On September 25, 2007, we and MediVision entered into an addendum to the license and distribution agreement in order to provide additional financing for the engineering of the Electro-Optical Unit, and to revise terms related to the agreement. If MediVision defaults on its repayment obligation as specified in the addendum, we may seek repayment by foreclosing on the shares pledged as collateral or, alternatively, we have the option to receive a portion of MediVision‘s ownership interest in patent rights relating the Electro-Optical Unit, calculated based on the amount of principal and interest outstanding and in default at the time we exercise this option, divided by 1,100,000, multiplied by 34.375%. During the quarter, we also entered into a non-binding agreement to acquire MediVision. Under the terms of the proposed acquisition, MediVision‘s outstanding shares will be converted into shares of OIS common stock at a yet to be determined conversion ratio. Outstanding options and warrants to purchase MediVision shares will be converted into options or warrants to purchase shares of OIS Common Stock. Once the acquisition is completed, MediVision will operate as our wholly owned subsidiary. We have capitalized the direct costs associated with the merger. To date, these costs have accumulated to approximately $322,000. At September 30, 2007, we recorded a net amount due from MediVision of approximately $300,000 for products. Sales to MediVision during the three and nine months ended September 30, 2007 totaled approximately $50,000 and $361,000, respectively. Sales to MediVision during the three and nine months ended September 30, 2006 totaled approximately $64,000 and $211,000, respectively. Sales derived from product shipments to MediVision are made at transfer pricing which is based on volume discounts similar to those available to other resellers and distributors of the Company‘s products. During the three and nine month period ended September 30, 2007, we paid approximately $319,000 and $981,000, respectively, to MediVision for research and development performed by MediVision on our behalf. During the three and nine month period ended September 30, 2006, we paid approximately $285,000 and $761,000, respectively, to MediVision for research and development performed by MediVision on our behalf. CCS Pawlowski At September 30, 2007, we recorded a net amount due from CCS Pawlowski, a subsidiary of MediVision, of approximately $15,000 for products and services. Sales to CCS Pawlowski during the three and nine months ended September 30, 2007 totaled approximately ($4,000) and $142,000, respectively. Sales to CCS Pawlowski during the three and nine months ended September 30, 2006 totaled approximately $63,000 and $275,000, respectively.

F-9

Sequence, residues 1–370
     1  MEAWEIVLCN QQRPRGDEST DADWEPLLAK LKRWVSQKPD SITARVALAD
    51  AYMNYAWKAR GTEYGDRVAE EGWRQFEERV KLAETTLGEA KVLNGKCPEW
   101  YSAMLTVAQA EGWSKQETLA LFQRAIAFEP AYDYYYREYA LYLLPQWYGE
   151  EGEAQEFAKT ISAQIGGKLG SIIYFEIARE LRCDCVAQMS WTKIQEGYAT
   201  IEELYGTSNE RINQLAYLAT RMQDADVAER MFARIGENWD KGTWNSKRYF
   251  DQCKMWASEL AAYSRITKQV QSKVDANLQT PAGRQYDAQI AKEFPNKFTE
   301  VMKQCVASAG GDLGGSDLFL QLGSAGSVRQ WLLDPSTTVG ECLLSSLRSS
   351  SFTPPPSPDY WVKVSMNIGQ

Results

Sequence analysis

MediStrategy Ltd. We have a service agreement with MediStrategy Ltd. ("MS"), an Israeli company owned by Noam Allon, a former Director of the Company, serving on the Board until December 2004. Under the terms of the agreement, MS provides services to us primarily in the business development field in ophthalmology, including business cooperation, mergers and acquisitions, identifying and analyzing new lines of business and defining new product lines or business opportunities to be developed. All services provided by MS are performed solely by Noam Allon. In consideration for the services provided, we agreed to pay MS a monthly sum of $3,300. In addition, MS is to be paid a yearly performance bonus of up to $20,000 upon achievement of goals under the terms of the agreement determined by MS, Noam Allon and the Company's Chairman of the Board. As of September 1, 2005, the monthly sum changed from $3,300 to $4,000, and the yearly performance bonus changed from $20,000 to $10,000. During the year ended December 31, 2006, MS earned fees of $48,000. This amount remains accrued, but not paid as of September 30, 2007. During the first nine months of 2007, MS earned fees of $36,000. This amount remains accrued, but not paid as of September 30, 2007. Jonathan Adereth Starting January 2005, Jonathan Adereth, a former director, serves as a consultant to management. We agreed to the following in connection with his service as a consultant. (i) to pay to Mr. Adereth, a monthly retainer of $2,000, (ii) to pay to Mr. Adereth a daily fee of $500 for physical attendance in meetings, and (iii) to reimburse Mr. Adereth for reasonable expenses incurred in connection with his services as a consultant to management. Note 4. Share Based Compensation At September 30, 2007, we have four active stock-based compensation plans (the ―Plans‖). Options granted under these plans generally have a term of ten years from the date of grant unless otherwise specified in the option agreement. The plans generally expire ten years from the inception of the plans. Options granted under these agreements have a vesting period of three to four years. Incentive stock options under these plans are granted at fair market value on the date of grant and non-qualified stock options granted can not be less than 85% of the fair market value on the date of grant. There were no new stock option plans approved during the three and nine months ended September 30, 2007. A summary of the changes in stock options outstanding under our equity-based compensation plans during the nine months ended September 30, 2007 is presented below: